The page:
Saladhin Khalifa, an accomplished senior-level executive with a 22 year track record of successful strategic and tactical leadership within the manufacturing, trade and logistics industry. Assuming many roles in his career path, as chairman, executive president, chief executive officer, he handled several departments including strategic planning, change management, operational excellence, sales management. His operational leadership roles included guided initiatives involving process improvement, staff development and manufacturing and operational efficiency. He championed system designs and implementation for market reducing costs, improving efficiency, and enhancing competitive strength and he successfully involved, and managed acquisition transitions and integration phases.
Saladhin told the audience that he expected everyone of us to continuously strive, and struggle with persistence to create the change necessary to adapt to the new style of leadership required in our now new environment, With a country as desperate as ours to have its problems solved, Saladhin said we each need to passionately contribute in whatever manner we can to the building and improvement of first our communities and indirectly to our country at large.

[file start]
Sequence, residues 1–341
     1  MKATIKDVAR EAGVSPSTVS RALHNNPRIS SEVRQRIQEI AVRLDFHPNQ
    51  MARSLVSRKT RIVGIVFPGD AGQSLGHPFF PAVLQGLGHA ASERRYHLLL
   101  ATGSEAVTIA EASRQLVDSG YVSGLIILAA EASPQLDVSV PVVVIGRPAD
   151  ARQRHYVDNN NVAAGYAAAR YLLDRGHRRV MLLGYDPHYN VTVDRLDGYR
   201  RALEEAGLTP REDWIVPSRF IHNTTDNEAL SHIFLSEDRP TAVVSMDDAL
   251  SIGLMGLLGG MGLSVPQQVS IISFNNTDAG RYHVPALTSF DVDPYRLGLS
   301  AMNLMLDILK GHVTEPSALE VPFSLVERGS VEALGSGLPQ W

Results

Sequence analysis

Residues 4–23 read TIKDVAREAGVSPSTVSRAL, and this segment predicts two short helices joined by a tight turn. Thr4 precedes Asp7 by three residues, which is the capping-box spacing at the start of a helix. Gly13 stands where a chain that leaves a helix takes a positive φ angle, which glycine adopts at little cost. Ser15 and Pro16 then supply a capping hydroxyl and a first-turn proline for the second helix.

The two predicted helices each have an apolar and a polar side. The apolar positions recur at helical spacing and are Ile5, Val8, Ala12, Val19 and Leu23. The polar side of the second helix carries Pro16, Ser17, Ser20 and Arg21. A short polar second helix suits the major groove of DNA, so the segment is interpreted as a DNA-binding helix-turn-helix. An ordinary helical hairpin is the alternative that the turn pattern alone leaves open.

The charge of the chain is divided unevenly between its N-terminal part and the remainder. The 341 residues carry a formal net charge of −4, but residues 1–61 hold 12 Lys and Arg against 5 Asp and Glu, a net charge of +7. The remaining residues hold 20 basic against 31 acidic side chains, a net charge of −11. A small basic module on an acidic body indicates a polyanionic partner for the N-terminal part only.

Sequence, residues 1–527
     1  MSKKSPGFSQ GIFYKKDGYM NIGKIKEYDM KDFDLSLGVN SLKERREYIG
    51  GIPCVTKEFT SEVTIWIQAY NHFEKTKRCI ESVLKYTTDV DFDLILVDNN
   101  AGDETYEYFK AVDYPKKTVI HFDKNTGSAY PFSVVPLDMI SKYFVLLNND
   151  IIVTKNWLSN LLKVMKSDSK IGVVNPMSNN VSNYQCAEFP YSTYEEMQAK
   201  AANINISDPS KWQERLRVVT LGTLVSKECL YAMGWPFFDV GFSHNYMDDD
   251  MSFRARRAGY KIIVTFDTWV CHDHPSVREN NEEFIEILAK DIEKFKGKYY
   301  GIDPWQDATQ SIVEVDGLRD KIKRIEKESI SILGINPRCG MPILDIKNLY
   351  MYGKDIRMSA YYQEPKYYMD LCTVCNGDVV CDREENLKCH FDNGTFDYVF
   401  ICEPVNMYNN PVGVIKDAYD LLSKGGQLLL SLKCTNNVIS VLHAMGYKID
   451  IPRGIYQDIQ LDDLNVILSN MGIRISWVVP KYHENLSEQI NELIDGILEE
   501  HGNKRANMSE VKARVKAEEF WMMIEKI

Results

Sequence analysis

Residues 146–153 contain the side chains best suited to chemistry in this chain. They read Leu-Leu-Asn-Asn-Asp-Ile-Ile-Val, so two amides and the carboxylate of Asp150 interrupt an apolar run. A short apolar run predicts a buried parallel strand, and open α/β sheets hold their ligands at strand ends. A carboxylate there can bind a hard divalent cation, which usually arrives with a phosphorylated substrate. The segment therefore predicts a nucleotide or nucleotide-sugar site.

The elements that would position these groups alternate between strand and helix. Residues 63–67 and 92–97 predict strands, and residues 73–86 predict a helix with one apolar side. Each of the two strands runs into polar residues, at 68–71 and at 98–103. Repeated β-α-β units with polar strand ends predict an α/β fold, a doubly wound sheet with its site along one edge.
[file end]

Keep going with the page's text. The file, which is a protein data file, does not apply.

Success in the end depends on our ability to work with one another in unison. The vehicle is us, and the driver is our attitudes.
Emotional Intelligence: A Tool to Managing Change in Difficult Times
“The ability to tune into the world, read situations and connect with others while taking charge of your own life.” Steven Stein
Presented by Zahara Legesse, a psychotherapist devoted to women and youth, providing life skills and capacity-building trainings on different topics such as conflict resolution, team building, self-awareness, and stress and burnout management, to various institutions, public and private. Zahara covered the very basics of Emotional Intelligence, beginning by thanking the attendees for choosing the session, admitting she was both thrilled and excited that the topic was of such interest to so many.